Start a new shell and it will be automatically enabled thanks to Template:Filename.
set show-all-if-ambiguous on
it is no longer necessary to hit Template:Keypress (default binding) twice to produce a list of all possible completions (both when a partial completion is possible and when no completion is possible), as a single key-press will suffice. Alternatively, to produce such a list only when no completion is possible (i.e., not when a partial completion is possible), append the following command in lieu of the previous one:
set show-all-if-unmodified on
Disable Ctrl-Z in terminal
#!/bin/bash trap "" 20 /path_to_your_application/
#!/bin/bash trap "" 20 /usr/bin/adom
With this example script, when you accidentally press Template:Keypress+Template:Keypress instead of Template:Keypress+Template:Keypress or some other key combo while playing Adom(game) your game will not end. Nothing will happen because Template:Keypress+Template:Keypress will be ignored.
Clear the screen after logging out
To clear the screen after logging out on a virtual terminal, append the following lines to Template:Filename:
ASCII art, fortunes and cowsay
Along with a colors, system info and ASCII symbols, Bash can be made to display a piece of ASCII art on login. ASCII images can be found online and pasted into a text file, or generated from scratch. To set the image to display in a terminal on login, place the string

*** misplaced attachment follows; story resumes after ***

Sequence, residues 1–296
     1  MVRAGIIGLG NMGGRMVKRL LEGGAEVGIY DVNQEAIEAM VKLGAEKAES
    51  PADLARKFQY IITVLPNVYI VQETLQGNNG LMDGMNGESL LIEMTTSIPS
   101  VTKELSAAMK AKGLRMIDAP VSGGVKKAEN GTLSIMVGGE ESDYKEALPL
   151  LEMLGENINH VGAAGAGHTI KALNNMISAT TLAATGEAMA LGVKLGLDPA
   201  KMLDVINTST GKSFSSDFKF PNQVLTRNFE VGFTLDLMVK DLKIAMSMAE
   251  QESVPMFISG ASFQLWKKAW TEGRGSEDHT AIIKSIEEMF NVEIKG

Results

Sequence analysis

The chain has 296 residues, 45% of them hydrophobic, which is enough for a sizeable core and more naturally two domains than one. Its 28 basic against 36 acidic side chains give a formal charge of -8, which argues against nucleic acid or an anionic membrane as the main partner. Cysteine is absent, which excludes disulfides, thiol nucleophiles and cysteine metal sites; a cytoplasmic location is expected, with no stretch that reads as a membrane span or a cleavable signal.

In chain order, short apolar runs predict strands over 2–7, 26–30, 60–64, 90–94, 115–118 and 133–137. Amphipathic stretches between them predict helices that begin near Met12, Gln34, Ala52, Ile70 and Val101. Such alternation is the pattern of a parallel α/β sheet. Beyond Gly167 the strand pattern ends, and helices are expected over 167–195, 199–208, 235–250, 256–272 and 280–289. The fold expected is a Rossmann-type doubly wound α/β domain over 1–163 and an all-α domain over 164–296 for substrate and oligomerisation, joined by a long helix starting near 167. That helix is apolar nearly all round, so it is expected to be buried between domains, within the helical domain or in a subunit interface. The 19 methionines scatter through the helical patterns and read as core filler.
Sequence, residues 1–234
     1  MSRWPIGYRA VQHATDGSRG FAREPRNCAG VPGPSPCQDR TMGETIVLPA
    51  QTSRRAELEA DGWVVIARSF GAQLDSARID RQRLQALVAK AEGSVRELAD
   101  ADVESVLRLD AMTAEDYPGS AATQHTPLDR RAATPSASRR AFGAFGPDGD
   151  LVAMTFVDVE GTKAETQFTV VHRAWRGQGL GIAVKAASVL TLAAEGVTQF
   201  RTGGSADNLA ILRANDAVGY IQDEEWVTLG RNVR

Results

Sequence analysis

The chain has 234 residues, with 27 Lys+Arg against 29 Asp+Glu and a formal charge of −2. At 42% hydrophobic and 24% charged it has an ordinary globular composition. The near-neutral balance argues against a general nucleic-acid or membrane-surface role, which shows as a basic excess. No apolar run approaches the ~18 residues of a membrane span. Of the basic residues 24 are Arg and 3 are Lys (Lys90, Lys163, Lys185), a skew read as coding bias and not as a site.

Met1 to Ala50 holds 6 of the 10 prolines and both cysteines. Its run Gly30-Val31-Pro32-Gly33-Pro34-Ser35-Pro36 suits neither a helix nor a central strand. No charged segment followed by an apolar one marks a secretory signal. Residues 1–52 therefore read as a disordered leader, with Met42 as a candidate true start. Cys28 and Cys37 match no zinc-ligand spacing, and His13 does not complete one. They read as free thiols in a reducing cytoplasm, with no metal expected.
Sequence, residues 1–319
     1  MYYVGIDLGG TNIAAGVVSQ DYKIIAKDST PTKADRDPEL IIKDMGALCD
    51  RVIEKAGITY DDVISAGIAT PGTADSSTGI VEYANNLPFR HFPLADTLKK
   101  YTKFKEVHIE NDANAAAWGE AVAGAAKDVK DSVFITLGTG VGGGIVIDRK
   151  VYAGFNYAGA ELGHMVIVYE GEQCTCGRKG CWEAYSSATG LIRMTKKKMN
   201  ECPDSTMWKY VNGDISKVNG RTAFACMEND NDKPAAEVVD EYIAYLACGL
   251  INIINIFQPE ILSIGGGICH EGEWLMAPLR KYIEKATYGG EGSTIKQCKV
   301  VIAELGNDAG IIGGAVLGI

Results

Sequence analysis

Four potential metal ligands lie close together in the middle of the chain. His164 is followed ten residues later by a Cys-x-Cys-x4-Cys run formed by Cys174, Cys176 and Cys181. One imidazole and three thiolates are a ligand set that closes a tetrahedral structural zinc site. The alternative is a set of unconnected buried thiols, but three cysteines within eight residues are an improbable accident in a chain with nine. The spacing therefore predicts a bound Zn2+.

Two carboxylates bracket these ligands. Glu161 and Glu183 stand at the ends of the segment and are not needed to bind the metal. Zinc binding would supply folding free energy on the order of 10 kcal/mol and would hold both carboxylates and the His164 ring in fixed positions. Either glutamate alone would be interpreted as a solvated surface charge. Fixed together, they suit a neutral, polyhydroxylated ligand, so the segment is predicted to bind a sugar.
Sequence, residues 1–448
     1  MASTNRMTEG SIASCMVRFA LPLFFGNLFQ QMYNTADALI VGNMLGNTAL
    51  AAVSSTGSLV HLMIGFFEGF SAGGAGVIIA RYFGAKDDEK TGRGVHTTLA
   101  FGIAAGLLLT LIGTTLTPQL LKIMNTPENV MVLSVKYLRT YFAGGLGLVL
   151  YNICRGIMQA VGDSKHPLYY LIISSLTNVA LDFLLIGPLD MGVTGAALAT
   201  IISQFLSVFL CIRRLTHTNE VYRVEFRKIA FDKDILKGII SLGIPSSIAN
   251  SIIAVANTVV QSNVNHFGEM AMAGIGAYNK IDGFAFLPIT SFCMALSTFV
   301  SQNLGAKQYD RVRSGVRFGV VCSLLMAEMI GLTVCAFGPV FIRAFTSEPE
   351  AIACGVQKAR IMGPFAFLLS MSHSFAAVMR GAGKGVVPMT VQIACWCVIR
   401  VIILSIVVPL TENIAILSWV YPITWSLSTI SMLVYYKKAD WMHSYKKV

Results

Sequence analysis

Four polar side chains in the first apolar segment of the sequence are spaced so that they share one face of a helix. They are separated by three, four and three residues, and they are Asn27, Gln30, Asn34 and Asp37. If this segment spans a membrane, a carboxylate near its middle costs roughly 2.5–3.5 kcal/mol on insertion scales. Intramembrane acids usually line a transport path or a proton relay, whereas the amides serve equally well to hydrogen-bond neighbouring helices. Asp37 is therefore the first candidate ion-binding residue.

at the top of Template:Filename.
To have a random phrase displayed when logging into a terminal, just set
as the top line in Template:Filename.
command cowsay $(fortune)
command cowthink $(fortune)
The earth is like a tiny grain of sand, only much, much heavier. ----------------------------------------- \ ^__^ \ (oo)\_______ (__)\ )\/\ ||----w | || ||
The ASCII images are generated by Template:Filename text files located in Template:Filename, and all themes can be listed with the command Template:Codeline These files can be edited to the user's liking; custom images can also be created from scratch or found on the net. The easiest way create a custom cow file from an image found online would be to open an existing Template:Filename file in a text editor, copy-and-paste the image from a browser and save the file as a different name. Test the custom file using
# cowsay -f Template:Filename $(fortune)
This can produce some nice eye candy, and the commands used can be more complex. For a specialized example, take a look here.
________________________________________ ( Fry: I must be a robot. Why else would ) ( human women refuse to date me? ) ---------------------------------------- o o o ,'``.._ ,'``. :,--._:)\,:,._,.: :`--,@@@:`...';\ `,'@@@@@@@`---'@@`. /@@@@@@@@@@@@@@@@@: /@@@@@@@@@@@@@@@@@@@\ ,'@@@@@@@@@@@@@@@@@@@@@:\.___,-. `...,---'``````-..._@@@@|:@@@@@@@\ ( )@@@;:@@@@)@@@\ _,-. `. (@@@//@@@@@@@@@@`'@@@@\ : `.//@@)@@@@@@)@@@@@,@; |`. _,'/@@@@@@@)@@@@)@,'@,' :`.`-..____..=:.-':@@@@@.@@@@@_,@@,' ,'\ ``--....-)=' `._,@@\ )@@@'``._ /@_@`. (@) /@@@@@) ; / \ \`-.' (@@@`-:`. `' ___..'@@_,-' |/ `.) `-. `.`.``-----``--,@@.' |/`.\`' ,','); ` (/ (/ (user@host)-(10:10 AM Wed Dec 22)--(~))--->
ASCII Historical Calendar
$ mkdir -p ~/.calendar $ curl -o calendar.rpm http://download.fedora.redhat.com/pub/epel/5/x86_64/calendar-1.25-4.el5.x86_64.rpm $ rpm2cpio calendar.rpm | bsdtar -C ~/.calendar --strip-components=4 -xf - ./usr/share/c*
This will then print out the calendar items
$ sed -n "/$(date +%m\\/%d\\\|%b\*\ %d)/p" $(find ~/.calendar /usr/share/calendar -maxdepth 1 -type f -name 'c*' 2>/dev/null);
- Advanced Bash Scripting Guide - Very good resource regarding shell scripting using bash
- Bash Reference Manual - Official reference (654K)
- Bash Scripting by Example
- Completion Guide
- Greg's Wiki - Highly recommended
- man page
- Quote Tutorial
- irc://irc.freenode.net#bash - Active and friendly Internet Relay Chat channel for Bash.